Sunday, March 30, 2014

In Theaters: The Lego Movie

Poster via

If something called The Lego Movie were going to work on anyone, it probably would work on me. I had a tubful of those damned bricks as a kid, and to this day, they exert a certain hold- it's hard NOT to start building something with them, and harder still to keep that construction from growing increasingly elaborate, until of course I realize I need even more of the bricks to round out my concept. I think they may actually create some kind of chemical dependency. But I was wary when seeing these generic toys made into a movie; it could either work really well or come off as the most cynical, calculated exercise imaginable.

It works. Oh man, does it work. The makers of Cloudy With A Chance of Meatballs and 21 Jump Street would be the ones to make such an unlikely concept sing, and they bring to this colorful brickfest a fittingly anarchic sense of humor, melded with a sincere and kind of sophisticated message about human creative potential. It's a film that gives us a peppy song called "Everything is Awesome" first satirically, then enthusiastically, a film that deflates the myth of the Chosen Hero of Destiny before building it up all over again, and a film full of surprises.

Tuesday, March 25, 2014

The Bookshelf: The Beach House by James Patterson & Peter De Jonge

When I was given this book, I saw an opportunity to take a look at modern thriller fiction, which is something I don't normally pay much attention to. James Patterson is one of those writers whose books you see everywhere, and he makes no secret of relying on co-authors to deliver the apparent hundreds of titles expected of him per year. Far be it from me to look down on popular fiction; there is an art to a good page-turner, to making the reader feel they just have to see what happens next. The Beach House isn't a complete letdown on this front, to be sure, but it's a toothless experience, a conspiracy thriller which avoids visceral bite in favor of vague class-awareness posturing.

Friday, February 21, 2014

In Theaters: The Wolf of Wall Street

Poster via
Poster, as usual, from

The Wolf of Wall Street has been accused of glamorizing the life of Jordan Belfort, a broker who made millions on bad and often fradulent stock deals before being caught and serving a minor sentence in a minimum security prison. And to be sure, it's a very decadent experience, full of sex, wild parties, and frankly absurd displays of opulence for opulence's sake. The mood, however, is not quite aspirational, and not quite cautionary, but something intense, insane, and energetic. Martin Scorcese's work is almost always animated by a kind of mania, and in this case it's ideally suited to confronting the mindset that has dominated the financial world for so long.

Thursday, January 30, 2014

Random Who Report: Terror of the Autons

Terror of the Autons DVD cover

There are only a few Doctor Who stories which are really direct sequels, but "Terror of the Autons" occupies an interesting space. It's a reprise of "Spearhead from Space", the third Doctor's inaugural story, not just in reintroducing that story's villains, but also in accomplishing another tweak to the show's format. It gives the Doctor an adversary, the Master, an evil Time Lord who's just about his intellectual equal. That alone guarantees its significance, even if the story sometimes plays like a dry run for the season to follow; it ends up being fairly effective, but takes a while to get to its payoff.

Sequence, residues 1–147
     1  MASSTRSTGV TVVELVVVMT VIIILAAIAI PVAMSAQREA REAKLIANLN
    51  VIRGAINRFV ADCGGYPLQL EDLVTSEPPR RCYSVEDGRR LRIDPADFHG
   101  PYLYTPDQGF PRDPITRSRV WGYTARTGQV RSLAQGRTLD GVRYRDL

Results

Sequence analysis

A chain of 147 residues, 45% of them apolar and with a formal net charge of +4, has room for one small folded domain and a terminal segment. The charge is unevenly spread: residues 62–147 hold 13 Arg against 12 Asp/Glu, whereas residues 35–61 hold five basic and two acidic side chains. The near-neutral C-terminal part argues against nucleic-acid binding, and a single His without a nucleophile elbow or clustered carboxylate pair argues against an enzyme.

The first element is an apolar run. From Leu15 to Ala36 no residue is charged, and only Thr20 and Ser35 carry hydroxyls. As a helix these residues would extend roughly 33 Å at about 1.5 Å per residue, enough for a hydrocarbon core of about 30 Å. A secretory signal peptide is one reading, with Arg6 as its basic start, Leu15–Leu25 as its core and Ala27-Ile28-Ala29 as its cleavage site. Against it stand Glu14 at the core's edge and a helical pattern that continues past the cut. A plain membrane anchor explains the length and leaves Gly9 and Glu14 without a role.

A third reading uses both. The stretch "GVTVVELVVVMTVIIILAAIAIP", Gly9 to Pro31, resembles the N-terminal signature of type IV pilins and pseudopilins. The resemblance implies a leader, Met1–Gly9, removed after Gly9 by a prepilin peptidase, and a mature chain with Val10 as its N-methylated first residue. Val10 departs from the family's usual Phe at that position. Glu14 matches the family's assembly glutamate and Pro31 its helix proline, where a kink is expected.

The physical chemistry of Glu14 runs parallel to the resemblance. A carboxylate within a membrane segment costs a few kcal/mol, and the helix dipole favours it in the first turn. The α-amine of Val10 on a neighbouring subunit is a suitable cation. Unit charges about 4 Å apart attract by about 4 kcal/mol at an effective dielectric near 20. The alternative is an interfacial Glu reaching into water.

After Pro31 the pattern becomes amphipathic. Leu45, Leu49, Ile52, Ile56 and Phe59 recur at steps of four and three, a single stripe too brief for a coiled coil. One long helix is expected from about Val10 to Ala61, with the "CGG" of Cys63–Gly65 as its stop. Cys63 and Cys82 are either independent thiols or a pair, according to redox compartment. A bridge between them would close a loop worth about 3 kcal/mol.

Tuesday, December 31, 2013

Opening Credits Sequence Theater: Dead Ringers

(Why is there still no soundtrack album goddamnit.)

In Theaters: The Secret Life of Walter Mitty

Walter Mitty poster

The Secret Life of Walter Mitty is probably not a great film. It has a number of flaws, and signs of compromises made in the name of box office appeal. But there's something remarkable about it. It's often beautiful, meditative, and disarmingly sincere. It really isn't much of an adaptation of the short story and at many times seems to drift away from the very premise, but since fidelity to the source material and actual quality are two completely separate things, the worst that happens is the film gets a little unfocused. It has all the signs of the familiar Oscar-bait feel good picture, but its true atmosphere is more relaxed. And there's the very real danger that the conventional elements of the film, as well as its nature as an adaptation, will overshadow its very real and very odd strengths.

Frasierquest 5.16: Beware of Greeks

I have a feeling the screencaps are going to get rougher from here on out.

Daphne: I'd like to venture an opinion here.  I know this doesn't exactly concern me, but I feel very strongly about this. I like zither music, and I always have!

[She goes to her room.  Silence for a moment.]

Frasier: And we're back!


Sitcoms introduce us to families and groups of friends, but inevitably they leave people out. It's a fair bet that if a show runs long enough, we're going to meet long lost cousins who didn't exist before because the writers didn't need them to exist. "Beware of Greeks" basically posits an entire bough of the Crane family tree who we've never seen, all to get Patti LuPone to do a Greek accent and threaten people with violence. It's a silly contrivance and the whole episode is basically an odd excursion into a parallel universe, but it is amusing enough for the duration.